I farm: “50ac in conjunction with my father Jerry. We have 14 sucklers, a mix of breeds, Charlaois, Angus and Simmental.”

Fate: “I never planned on doing it, I only ever helped out in the summer, standing in gaps was as much as I had done. I got into it by default. Unfortunately, my father had an accident at work which left him paralysed from the waist down. The neighbours were a great help and were running the farm for a while.”

Legacy: “My grandfather Pat is 101 years old now, he bought this farm in 1969. He passed it down to my father. When my father had the accident, I couldn’t let them see it go. So, in November 2020, I decided to give the neighbours a break, and I’ve been at it ever since.”

Improvements: ”We’ve made changes to make the farm wheelchair accessible, so that my father is able to get in and around to see what is going on. I’d like to get a few more cattle down the road.”

Work: “I carry out the physical aspect of the work but my father is the brains behind the operation. If a cow is calving, he can get in and see what’s happening or if something is wrong. I dehorn and castrate the cattle, but he’s beside me telling me how it’s done.”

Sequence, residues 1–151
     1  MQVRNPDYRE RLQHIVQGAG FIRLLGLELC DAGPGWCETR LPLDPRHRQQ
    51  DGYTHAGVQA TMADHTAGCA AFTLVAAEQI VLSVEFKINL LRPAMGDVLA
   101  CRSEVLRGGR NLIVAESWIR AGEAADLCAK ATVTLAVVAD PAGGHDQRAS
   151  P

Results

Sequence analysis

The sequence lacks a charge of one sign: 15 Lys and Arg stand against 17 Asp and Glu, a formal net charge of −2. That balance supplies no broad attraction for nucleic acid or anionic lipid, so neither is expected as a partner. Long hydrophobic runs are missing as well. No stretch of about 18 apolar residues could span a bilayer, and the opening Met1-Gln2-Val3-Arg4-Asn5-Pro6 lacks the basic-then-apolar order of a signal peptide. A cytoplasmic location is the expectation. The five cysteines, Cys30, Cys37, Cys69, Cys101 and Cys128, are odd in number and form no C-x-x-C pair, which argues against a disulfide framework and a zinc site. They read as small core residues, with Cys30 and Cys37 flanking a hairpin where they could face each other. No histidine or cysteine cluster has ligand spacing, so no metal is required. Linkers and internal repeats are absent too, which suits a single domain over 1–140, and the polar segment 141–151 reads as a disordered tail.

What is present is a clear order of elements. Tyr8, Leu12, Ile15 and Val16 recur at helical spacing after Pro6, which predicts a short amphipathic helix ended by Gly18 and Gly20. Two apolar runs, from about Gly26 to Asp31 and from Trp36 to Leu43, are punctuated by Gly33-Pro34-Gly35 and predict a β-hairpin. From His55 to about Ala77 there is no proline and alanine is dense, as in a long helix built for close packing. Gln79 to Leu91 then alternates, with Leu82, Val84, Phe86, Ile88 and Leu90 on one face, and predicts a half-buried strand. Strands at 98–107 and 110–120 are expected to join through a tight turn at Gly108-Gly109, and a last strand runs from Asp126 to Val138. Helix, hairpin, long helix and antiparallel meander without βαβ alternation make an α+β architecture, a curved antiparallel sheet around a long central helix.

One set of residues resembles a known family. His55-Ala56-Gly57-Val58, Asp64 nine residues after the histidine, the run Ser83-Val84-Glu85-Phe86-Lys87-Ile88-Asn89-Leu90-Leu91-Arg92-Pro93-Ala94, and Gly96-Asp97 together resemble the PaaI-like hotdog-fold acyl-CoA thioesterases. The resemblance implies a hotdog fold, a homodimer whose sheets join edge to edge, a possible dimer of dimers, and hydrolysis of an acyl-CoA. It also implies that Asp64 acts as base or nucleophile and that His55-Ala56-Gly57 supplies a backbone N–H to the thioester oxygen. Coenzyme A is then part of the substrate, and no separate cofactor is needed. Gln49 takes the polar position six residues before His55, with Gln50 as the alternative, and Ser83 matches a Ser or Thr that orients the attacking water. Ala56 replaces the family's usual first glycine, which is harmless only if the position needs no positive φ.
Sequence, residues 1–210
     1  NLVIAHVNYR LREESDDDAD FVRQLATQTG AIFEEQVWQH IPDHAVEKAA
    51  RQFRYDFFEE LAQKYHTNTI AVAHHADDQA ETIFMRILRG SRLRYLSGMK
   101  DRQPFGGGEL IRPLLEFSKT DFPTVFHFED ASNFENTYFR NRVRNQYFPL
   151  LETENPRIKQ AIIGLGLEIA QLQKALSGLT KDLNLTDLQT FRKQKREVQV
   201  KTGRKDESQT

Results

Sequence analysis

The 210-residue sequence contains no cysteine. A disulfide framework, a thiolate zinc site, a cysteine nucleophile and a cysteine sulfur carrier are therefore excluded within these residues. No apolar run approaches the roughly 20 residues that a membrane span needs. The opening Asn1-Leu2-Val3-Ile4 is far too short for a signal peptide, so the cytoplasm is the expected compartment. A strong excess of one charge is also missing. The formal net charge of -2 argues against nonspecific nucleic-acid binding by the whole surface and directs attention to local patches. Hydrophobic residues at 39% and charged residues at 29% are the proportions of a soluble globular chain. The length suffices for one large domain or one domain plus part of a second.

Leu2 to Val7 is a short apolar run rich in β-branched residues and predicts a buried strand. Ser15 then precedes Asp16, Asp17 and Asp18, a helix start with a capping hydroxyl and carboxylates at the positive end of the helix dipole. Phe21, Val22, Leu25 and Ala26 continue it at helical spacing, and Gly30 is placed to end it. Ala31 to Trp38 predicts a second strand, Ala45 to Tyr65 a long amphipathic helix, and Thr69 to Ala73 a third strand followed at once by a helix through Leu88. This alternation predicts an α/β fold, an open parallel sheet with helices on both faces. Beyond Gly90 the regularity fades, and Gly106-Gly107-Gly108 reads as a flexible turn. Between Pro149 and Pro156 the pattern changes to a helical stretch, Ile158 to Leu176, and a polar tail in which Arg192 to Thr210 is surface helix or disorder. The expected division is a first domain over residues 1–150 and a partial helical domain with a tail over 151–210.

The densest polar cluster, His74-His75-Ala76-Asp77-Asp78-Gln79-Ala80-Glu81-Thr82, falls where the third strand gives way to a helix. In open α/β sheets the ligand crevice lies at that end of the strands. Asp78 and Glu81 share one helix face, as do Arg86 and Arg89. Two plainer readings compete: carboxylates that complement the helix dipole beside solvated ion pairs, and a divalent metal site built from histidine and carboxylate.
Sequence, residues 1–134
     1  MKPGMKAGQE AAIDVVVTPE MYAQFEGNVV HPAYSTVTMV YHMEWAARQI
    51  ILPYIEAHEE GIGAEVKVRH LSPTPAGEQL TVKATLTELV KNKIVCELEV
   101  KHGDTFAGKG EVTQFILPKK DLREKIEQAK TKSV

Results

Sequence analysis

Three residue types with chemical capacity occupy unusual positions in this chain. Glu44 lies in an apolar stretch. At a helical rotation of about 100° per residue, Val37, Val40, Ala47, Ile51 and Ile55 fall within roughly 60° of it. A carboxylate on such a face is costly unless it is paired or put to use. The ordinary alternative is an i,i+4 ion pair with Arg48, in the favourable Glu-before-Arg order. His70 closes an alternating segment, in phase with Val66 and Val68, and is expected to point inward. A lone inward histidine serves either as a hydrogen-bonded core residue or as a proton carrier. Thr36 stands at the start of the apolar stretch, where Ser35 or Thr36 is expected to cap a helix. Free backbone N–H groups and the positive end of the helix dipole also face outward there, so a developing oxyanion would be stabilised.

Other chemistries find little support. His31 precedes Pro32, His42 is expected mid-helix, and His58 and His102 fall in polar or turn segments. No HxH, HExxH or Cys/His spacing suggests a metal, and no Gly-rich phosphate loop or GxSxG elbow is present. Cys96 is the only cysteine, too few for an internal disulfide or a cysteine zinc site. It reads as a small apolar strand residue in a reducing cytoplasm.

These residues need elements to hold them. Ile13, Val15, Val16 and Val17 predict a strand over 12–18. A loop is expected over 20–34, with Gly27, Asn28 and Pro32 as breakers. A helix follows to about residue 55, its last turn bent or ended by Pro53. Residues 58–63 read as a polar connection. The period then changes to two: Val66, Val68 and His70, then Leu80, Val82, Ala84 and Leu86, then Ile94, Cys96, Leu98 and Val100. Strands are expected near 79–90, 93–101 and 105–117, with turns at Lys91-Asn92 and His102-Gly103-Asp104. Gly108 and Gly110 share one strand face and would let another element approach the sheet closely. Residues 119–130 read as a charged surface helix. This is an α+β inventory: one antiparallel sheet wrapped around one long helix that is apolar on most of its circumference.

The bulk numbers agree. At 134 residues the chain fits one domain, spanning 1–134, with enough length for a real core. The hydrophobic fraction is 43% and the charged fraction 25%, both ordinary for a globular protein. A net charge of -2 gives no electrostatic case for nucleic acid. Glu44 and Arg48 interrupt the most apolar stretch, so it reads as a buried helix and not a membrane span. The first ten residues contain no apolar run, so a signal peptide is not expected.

At the moment: “We still have the cows out on grass because we still have plenty of it. We’ll be bringing them into the shed soon for the winter. They’ll be due to start calving around early February.“

TikTok: “I started the account around the same time I started farming and it just grew from there. I have nearly 15,000 followers on my account k_moy. I love making the videos and I hope that it encourages other young women to get into farming if they are thinking about it.”

Women in farming: “Chance your arm at it and don’t be put off just because it’s a male-dominated industry. We might not be as physically strong; but we can do all the same things.”

Quotable quote: “Suckler farmers do tend to complain a lot, but in fairness, we are squeezed to our limits.”